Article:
Spotty showers and storms will be possible across the region over the next couple/few days, but according to the rainfall forecast below, we're not expecting much. In the meantime, we'll be left to tend to our lawns and gardens manually as this warm and 'mostly' dry weather continues through midday Friday.
National Weather Outlook
The loop below actually looks pretty quiet doesn't it? To be honest, there isn't much in terms of widespread heavy rain or any big storms brewing through Thursday. Pockets of heavy rainfall will be possible in the Southwest, Southwest and in the Northwest, but other than that... it's a pretty quiet and warm start to September.
5 Day Precipitation Outlook
According to NOAA's WPC, the 5 day precipitation forecast shows some of the heaviest rainfall potential over Florida and across parts of the northern tier of the nation. Florida will be dealing with some lingering tropical moisture, while impulses of energy (from a large low pressure system in the Gulf of Alaska) continue to skirt along the international border.
Gulf of Alaska Low
Here's a neat image that shows why temperatures across much of the nation are so warm (with the exception of the Pacific Northwest). A fairly large low pressure system in the Gulf of Alaska is helping to amplify a ridge of high pressure over the central part of the country with temperatures running well above average for most. This particular storm system will slowly move across Canada (in pieces) and help to cool things off a little across parts the nation over by next week.
Highs From Average Wednesday
Daytime highs on Wednesday will be running anywhere from nearly 5° to 20° above average across the eastern two-thirds of the country. Meanwhile, note that readings west of the Rockies will be running a little cooler than average thanks to the area of low pressure/trough in the Gulf of Alaska mentioned above.
6 to 10 Day Temperature Outlook
According to NOAA's CPC, the big blob of warmer than average temperatures will continue in the eastern third of the nation into early next week, but the that pocket of cooler than average weather, which is currently along the West Coast, will begin to slide east by mid month. By the 2nd to 3rd week of September, it may feel a little more like fall for the central part of the country.
Peak of Atlantic Hurricane Season Nears...
According to NOAA, the peak of the Atlantic Hurricane Season is September 10th. Over the last 100 years, there have been more tropical systems on September 10th than on any other day during the season.
Tracking the Tropics
As we approach the peak of the Atlantic Hurricane Season, there is only 1 named system in the basin. As of Tuesday, Fred was still a Tropical Storm and was drifting WNW into away from the western tip of Africa.
This was Fred on Tuesday afternoon as it continued weaken just off the Cape Verde islands. By the way, did you know the Cape Verde Islands changed their name to the Cabo Islands in 2013? I will link a story below...
Tracking a Weakening Fred
Fred became our second Hurricane of the 2015 Atlantic Hurricane season for a fairly short amount of time. The track was northwest through the Cape Verde (Cabo Verde) Islands into less favorable weather conditions, so it weakened rather quickly.
This is an impressive sight, isn't it? The circulation of 3 different hurricanes ongoing in the Pacific Ocean. Interestingly, these were all category 4 storms at one point! Thankfully, the tracks have steered clear of the Hawaiian Islands!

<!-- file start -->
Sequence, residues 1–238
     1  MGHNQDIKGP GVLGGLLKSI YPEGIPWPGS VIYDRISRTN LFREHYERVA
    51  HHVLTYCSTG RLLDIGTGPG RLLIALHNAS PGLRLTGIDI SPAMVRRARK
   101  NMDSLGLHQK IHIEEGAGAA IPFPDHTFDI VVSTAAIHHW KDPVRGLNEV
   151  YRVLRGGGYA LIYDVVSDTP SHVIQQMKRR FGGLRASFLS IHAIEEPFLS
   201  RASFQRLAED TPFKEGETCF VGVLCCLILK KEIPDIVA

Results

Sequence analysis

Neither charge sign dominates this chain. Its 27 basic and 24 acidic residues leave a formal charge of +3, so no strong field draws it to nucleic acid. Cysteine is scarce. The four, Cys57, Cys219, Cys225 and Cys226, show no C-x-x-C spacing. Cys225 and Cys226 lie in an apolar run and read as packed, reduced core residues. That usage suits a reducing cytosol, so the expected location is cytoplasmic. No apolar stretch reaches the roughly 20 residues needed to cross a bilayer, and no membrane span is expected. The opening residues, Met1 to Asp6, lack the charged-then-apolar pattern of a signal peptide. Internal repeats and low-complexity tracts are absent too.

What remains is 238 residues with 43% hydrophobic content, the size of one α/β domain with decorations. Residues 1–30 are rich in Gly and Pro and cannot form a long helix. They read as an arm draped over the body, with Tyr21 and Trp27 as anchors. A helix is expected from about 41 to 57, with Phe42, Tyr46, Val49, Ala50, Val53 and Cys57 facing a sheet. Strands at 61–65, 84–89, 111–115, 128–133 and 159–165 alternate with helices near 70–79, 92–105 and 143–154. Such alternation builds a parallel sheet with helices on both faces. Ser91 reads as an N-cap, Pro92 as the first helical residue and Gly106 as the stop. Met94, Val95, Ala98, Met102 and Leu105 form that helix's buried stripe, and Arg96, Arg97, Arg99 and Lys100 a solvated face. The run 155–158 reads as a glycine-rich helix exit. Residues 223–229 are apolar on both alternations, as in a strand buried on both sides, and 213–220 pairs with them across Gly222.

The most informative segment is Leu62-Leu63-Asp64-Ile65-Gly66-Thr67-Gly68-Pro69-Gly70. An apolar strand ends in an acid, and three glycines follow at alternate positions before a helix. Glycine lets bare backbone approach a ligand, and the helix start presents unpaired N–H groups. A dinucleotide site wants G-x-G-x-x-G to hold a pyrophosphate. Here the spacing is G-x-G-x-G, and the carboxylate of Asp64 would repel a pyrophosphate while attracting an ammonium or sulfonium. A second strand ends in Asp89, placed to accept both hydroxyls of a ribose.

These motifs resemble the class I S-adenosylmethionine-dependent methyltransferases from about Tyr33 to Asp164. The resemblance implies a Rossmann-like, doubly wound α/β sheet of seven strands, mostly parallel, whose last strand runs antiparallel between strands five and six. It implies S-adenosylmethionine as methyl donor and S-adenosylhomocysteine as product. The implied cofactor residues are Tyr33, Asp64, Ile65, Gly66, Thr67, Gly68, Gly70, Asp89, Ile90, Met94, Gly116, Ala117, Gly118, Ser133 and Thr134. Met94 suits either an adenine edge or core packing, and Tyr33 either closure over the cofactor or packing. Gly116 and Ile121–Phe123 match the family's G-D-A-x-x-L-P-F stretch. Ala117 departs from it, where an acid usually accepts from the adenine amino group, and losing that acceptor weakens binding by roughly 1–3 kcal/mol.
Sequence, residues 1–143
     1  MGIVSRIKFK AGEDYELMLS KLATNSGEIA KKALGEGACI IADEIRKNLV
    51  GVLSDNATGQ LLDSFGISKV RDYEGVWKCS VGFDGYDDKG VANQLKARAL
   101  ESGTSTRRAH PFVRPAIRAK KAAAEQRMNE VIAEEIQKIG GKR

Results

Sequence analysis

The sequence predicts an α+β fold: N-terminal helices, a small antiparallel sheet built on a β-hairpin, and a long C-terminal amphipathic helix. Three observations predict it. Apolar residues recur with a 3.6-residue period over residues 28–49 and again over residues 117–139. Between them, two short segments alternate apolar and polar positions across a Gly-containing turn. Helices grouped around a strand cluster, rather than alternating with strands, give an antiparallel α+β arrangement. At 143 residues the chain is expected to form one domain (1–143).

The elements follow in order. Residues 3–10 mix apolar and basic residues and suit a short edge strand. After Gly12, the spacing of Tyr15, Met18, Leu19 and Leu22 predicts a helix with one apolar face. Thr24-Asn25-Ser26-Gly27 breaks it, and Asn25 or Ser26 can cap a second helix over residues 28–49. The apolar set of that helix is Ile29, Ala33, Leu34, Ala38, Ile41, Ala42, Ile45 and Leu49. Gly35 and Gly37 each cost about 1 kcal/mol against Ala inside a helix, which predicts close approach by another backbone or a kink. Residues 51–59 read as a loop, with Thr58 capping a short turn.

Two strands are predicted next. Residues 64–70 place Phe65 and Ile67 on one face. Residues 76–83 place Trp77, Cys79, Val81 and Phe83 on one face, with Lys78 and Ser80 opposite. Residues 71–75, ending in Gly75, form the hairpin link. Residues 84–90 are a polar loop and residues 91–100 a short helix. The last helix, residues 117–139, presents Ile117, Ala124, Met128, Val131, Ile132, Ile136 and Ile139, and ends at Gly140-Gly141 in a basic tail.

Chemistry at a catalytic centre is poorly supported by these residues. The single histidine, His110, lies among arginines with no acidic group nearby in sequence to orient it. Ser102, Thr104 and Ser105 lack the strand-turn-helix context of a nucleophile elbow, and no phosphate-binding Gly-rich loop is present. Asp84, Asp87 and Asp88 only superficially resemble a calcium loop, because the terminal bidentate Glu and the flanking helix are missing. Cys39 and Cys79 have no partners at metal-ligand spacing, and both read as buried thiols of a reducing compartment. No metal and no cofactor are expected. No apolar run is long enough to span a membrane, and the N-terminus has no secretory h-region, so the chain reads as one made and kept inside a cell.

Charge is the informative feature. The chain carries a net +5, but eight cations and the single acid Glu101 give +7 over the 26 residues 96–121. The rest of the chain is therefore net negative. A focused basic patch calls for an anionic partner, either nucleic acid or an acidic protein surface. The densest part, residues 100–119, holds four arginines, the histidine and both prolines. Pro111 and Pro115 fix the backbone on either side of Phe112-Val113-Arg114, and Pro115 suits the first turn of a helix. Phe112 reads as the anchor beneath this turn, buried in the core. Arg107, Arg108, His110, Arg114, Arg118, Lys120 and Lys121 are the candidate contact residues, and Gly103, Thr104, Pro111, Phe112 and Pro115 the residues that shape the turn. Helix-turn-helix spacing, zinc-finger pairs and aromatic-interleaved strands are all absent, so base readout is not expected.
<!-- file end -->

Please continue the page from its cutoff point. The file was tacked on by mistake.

As of Tuesday afternoon, Kilo was equivalent to a category 2 hurricane with sustained winds to near 104mph. At this point, Kilo poses not threat to any major landmass.
Thankfully, Ignacio drifted a little farther north than previous forecasts... It was definitely a close call. However, Ignacio will continue pushing north into the open waters of the Pacific Ocean and stay a fish storm.
Note the pink colored dots when Ignacio was a Major Hurricane just east of Hawaii. I was getting nervous there for a moment that this thing was going to track right toward the Big Island. Thankfully it didn't!
Jimena was still a strong hurricane as of Tuesday afternoon with winds near 120mph. Unfortunately, this storm is still tracking toward Hawaii, but it appears it will continue turning north away from the islands through the rest of the week.
It seems as if the Pacific Ocean is a tropical shooting gallery right now. I am praying that none of these tropical systems end up finding there way over the Islands! Jimena looks to continue tracking north away from Hawaii through the rest of the week.
"Why NASA’s so worried that Greenland’s melting could speed up"
Here's an excerpt from an article by the WashingtonPost.com, which is a little concerning. An extensive research shows how much ice we've lost in Greenland and Antarctica since 2002. Note that the rate of ice loss is much more significant than that in Antarctica.
"NASA briefed the press on its “intensive research effort” into the rate and causes of sea level rise, releasing a suite of new graphics and visualizations showing how precisely the agency is measuring the upward creep of the oceans, currently at a rate of 3.21 millimeters per year. It would be easy to lose yourself in all of the new material, but if there’s one slide above all that really matters, it’s this one:"
"NASA’s Gravity Recovery and Climate Experiment (GRACE) twin satellites have measured the loss of ice mass from Earth’s polar ice sheets since 2002. (Credit: Steve Nerem/CU-Boulder)"
Thanks for checking in and have a great rest of your week! Don't forget to follow me on Twitter @TNelsonWX